7. Place Setting

  • Angles of cutlery and crockery to each other – are they too close?

  • Is it clearly visible for someone with cataracts or glaucoma?

  • Talk with the individual how best to serve the meal to ensure they enjoy it fully.

8. Amount on the Plate

  • Is it off-putting? Does it look too much?

  • Appetites decline naturally as we age, even if you have prepared a large meal, rather than plating up a large meal, plate up a smaller meal – that way there is always the chance of seconds!

9. Positioning of the Food on the Plate

  • Is it too close together? Especially if it is similar colours, might it therefore merge into one for someone with poor sight?

  • Does the individual like sauce to the side or all over? Does having sauce all over cause an anxiety issue in spills or mess for them?

  • This might not be an issue or worry for you but might stop them from eating rather than cause themselves embarrassment. Talk about the issue and agree a way forward.

10. Sitting Position

  • Are they upright enough?

  • Is the chair the right distance to the table? Is it digging into their stomach?

  • ​Does the chair or seat have enough back support to aid their posture?

  • Digestion is aided by an appropriate sitting position. As we get older we may need to move away from sitting on the sofa with a tray on our lap to a table and chair setting. However the seat itself needs to be stable and the right level without unsettling the individual or causing them imbalance when they move from the seat.

11. Light and Temperature
  • Is the food clearly visible?

  • Is it too dark or too bright?

  • Are there any reflections or shadows in sight that are distracting?

  • Is the room too warm or too cold?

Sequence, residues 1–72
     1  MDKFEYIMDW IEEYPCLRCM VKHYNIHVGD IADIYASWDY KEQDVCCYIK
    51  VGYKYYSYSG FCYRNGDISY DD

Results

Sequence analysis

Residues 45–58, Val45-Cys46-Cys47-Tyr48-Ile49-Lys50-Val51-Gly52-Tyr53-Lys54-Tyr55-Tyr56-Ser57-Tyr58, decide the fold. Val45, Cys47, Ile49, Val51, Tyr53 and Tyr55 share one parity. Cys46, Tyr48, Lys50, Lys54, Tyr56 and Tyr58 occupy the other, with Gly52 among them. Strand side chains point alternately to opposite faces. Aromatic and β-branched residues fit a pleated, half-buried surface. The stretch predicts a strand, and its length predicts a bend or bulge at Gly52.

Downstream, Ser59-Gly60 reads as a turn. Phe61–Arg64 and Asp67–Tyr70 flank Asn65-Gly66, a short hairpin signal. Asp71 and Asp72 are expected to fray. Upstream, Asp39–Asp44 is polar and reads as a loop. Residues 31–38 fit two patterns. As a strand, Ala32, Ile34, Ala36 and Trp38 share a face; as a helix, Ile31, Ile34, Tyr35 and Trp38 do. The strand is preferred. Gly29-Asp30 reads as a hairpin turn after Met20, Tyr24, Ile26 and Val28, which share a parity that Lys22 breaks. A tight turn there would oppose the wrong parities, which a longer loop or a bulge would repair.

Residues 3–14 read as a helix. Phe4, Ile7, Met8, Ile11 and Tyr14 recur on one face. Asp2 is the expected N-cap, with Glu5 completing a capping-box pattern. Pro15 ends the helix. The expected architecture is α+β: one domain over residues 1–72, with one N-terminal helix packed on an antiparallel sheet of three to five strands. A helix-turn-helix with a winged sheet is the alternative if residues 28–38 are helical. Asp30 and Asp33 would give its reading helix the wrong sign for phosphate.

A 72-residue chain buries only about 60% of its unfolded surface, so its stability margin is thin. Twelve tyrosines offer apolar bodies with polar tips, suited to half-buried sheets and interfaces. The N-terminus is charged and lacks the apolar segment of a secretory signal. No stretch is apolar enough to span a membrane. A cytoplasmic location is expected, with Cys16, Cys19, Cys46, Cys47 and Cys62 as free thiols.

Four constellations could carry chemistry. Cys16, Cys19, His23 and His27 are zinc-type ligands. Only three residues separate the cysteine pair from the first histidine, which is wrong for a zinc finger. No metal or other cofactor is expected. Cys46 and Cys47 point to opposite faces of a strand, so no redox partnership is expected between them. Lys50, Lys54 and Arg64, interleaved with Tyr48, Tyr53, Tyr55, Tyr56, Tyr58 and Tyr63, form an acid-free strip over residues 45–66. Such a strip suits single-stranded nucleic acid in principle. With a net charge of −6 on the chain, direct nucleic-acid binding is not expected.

• Has the room been warm for a while? Does the individual need fresh air before eating?

  • Has the room been cold for a while? Is the individual able to feel their fingers fully? Will this hinder them using cutlery?

  • Is the food too hot or too cold?

  • What is the likelihood of the food keeping its temperature until the end of the meal?

  • Discuss whether this is important or not to the individual.

12. Jaw Strength and Chewing

  • Will the meal need to be excessively chewed?

  • Could cooking in a different way offer a less chewy option?

13. Teeth, Dentures and Textures

  • Is the individual able to bite into the food? Is it too tough?

  • Does it have lots of small seeds or grains?

  • Seeds and grains can get under loose dentures and cause great discomfort.

  • Are their dentures suitable any more?

  • Mistake like below can happen…

14. Appetite Suppressed
  • Taste buds can be impacted by medications, sometimes leaving a strange taste in the mouth or even deadening sensitivity so food tastes bland.

  • Can the flavours be more pronounced in the cooking process? Could more herbs be added?

  • Discuss with the individual if fruit squash might be more pleasant than water.

15. Tension and Timing of Medication

  • Do any of their medications act as a muscle relaxant in reducing tension? Does this have a positive or negative effect on holding cutlery or chewing?

  • Can food be planned for a more appropriate time after they have had their medication and it has taken hold or beforehand if easier?

16. Mood and Reminiscing

  • Do certain foods cause a melancholic nostalgia?

  • Talk to the individual and discuss making positive memories about a different meal that can become a new favourite.


  • by
    Adam Brown